When I moved to Brooklyn in June, I decided that I wanted to get to know my new neighborhood reasonably well, reasonably quickly. Being an engineer, I figured a methodical approach was the best solution, so I got a map and got to work.
Based on a rough understanding of what was where, and letting the nearby Prospect Park somewhat dictate the area I wanted to cover, I drew out a grid with my new home roughly at the center, covering the bulk of the surrounding area that was of interest. The grid looked like this: (more…)
NOTE: I am fully aware that at times in the review below, I sound like a ridiculous book-critic or something. I do not care. Also, links to Amazon contain my affiliate id.
A few weeks ago I attended the New York Times‘ TimesOpen Open Source Science Fair on behalf of Automattic/WordPress.com. As part of my “thank you” bag, I got a copy of Ready Player One, by Ernest Cline. I left it on my bedside table in a stack of other books which I’d thus far neglected to start, let alone finish (not to mention all the unopened titles on my Kindle).
On Saturday, I attended the 2012 New Times/TimesOpen Hack Day. It was a long day, but I had a lot of fun. I sat in on an intro session to Arduino which was pretty cool, and also a session on the EchoNest API, which I ended up using in my project. You can find out all about my project on the Readtrack project page.
It’s a bookmarklet-powered little app that analyzes the page you’re looking at (using the AlchemyAPI) and then tries to find related music (using the EchoNest API) which it then plays back to you in your browser (using rdio). I got a “runner up”/honorable mention prize
One of the most visually-polished projects was “Story Arc”, which showed a visual representation of the frequency of mentions of keywords over the NYT archives. Probably the most fun one was a set of drivers for a DDR pad, hooked up to commands for things like deploying code!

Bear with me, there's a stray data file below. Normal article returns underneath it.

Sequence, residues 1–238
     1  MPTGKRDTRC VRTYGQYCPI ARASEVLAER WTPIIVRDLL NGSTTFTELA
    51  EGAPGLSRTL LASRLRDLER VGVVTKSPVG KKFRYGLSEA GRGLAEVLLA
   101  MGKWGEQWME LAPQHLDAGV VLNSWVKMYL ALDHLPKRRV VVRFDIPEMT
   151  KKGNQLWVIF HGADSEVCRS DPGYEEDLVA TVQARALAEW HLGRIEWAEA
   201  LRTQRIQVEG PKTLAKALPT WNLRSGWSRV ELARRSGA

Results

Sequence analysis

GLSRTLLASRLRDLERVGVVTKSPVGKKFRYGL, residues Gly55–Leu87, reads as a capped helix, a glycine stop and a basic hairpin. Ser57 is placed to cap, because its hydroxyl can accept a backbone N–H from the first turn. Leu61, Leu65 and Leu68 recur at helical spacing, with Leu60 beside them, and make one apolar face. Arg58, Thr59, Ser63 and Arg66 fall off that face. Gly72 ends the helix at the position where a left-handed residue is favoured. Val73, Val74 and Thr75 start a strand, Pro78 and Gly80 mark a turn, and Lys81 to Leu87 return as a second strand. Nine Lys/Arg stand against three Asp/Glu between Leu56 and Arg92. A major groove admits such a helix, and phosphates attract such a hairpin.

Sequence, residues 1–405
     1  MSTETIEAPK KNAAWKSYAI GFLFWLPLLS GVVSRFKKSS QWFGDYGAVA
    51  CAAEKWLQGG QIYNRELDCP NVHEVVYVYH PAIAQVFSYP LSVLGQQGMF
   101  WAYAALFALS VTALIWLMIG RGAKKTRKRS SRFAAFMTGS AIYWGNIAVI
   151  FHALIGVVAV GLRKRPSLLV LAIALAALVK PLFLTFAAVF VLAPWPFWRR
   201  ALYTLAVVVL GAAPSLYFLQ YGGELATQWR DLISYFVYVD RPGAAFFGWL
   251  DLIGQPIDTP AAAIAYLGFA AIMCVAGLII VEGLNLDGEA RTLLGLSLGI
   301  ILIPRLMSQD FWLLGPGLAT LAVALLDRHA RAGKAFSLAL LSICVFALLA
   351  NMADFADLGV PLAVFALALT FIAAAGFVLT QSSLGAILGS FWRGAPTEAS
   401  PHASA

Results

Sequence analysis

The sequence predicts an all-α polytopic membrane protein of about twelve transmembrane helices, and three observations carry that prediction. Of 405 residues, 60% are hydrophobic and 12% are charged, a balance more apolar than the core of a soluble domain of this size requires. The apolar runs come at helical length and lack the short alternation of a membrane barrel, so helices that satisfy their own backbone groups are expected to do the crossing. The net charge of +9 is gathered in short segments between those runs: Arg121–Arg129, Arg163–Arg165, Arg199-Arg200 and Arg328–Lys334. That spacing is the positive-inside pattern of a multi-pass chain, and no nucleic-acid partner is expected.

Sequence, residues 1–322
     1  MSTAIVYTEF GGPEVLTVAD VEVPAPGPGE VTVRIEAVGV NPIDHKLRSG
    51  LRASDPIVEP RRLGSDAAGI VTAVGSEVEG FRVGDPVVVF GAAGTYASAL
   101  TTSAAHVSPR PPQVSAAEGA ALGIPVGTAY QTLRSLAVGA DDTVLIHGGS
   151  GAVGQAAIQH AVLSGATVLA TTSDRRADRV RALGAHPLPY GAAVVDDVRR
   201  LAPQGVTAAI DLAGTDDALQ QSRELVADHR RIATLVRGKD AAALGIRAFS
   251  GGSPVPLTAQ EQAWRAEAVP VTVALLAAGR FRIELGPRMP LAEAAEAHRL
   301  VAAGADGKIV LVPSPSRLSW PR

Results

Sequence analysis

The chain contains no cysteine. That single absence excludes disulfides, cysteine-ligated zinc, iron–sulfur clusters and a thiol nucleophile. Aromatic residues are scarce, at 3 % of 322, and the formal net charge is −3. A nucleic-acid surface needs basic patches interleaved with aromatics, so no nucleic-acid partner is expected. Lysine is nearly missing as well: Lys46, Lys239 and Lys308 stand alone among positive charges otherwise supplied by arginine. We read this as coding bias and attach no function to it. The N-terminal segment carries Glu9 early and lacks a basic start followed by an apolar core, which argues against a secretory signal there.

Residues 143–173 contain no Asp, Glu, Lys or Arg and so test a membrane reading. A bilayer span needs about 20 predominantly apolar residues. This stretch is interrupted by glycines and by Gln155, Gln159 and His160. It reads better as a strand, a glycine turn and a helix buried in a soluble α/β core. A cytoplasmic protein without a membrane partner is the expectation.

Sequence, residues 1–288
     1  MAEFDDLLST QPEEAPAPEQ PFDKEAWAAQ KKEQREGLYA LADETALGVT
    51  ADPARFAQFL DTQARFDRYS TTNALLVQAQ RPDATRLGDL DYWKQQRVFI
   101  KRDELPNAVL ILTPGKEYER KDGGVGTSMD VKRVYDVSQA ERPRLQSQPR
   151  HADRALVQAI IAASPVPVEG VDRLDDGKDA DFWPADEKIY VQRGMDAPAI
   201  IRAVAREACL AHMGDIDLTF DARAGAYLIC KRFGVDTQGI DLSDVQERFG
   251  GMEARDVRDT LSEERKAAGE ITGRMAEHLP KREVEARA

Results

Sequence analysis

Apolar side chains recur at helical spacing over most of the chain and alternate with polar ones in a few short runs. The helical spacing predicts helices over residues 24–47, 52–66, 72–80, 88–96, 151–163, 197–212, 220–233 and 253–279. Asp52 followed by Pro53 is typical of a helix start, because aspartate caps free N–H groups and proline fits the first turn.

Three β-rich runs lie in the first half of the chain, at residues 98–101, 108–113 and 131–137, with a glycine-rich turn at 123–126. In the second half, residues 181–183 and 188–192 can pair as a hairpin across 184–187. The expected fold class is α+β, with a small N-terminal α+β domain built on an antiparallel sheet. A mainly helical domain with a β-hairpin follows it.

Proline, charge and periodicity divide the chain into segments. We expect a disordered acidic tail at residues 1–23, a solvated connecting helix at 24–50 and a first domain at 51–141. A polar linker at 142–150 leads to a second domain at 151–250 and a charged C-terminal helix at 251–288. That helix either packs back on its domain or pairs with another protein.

Right now, I am considering myself very lucky. I’ve just lived through not only my first ever, but the most intense hurricane in New York’s history. Hurricane Sandy.
New data from the Hurricane Hunters (945mb) confirms #Sandy is now the most intense hurricane ever north of NC, beating LI Express of 1938.
— Eric Holthaus (@EricHolthaus) October 29, 2012
Within less than a few miles in 3 directions (North, South, West) homes are destroyed, roads are flooded, power is out. Right where I am (Park Slope) we have a lot of leaves on the ground, a few branches down and some minor damage on buildings. It’s pretty amazing how little impact we’ve directly had. It’s definitely not completely over, but we’ved fared a lot better than folks very nearby. Now we see how long it takes for NYC to get back on its feet and get things running again.
Subways are still all out of commission. 7 tunnels between Brooklyn and Manhattan are flooded. Buses will hopefully start coming online later today. What’s left of Lower Manhattan is a mess. It will be a long time before things are “back to normal” for everyone. Here’s how it looked from my perspective:
New data from the Hurricane Hunters (945mb) confirms #Sandy is now the most intense hurricane ever north of NC, beating LI Express of 1938.
— Eric Holthaus (@EricHolthaus) October 29, 2012
I’ve been using WordPress to power my own website for a while now, and working with it in some way or another for even longer. Over the years, I’ve developed the belief that it’s a pretty perfect platform for people to build their own “digital home on the web”, considering the range of plugins and themes available, the flexibility of the publishing options it offers, and the fact that it’s completely open source, so you can do whatever you want with it.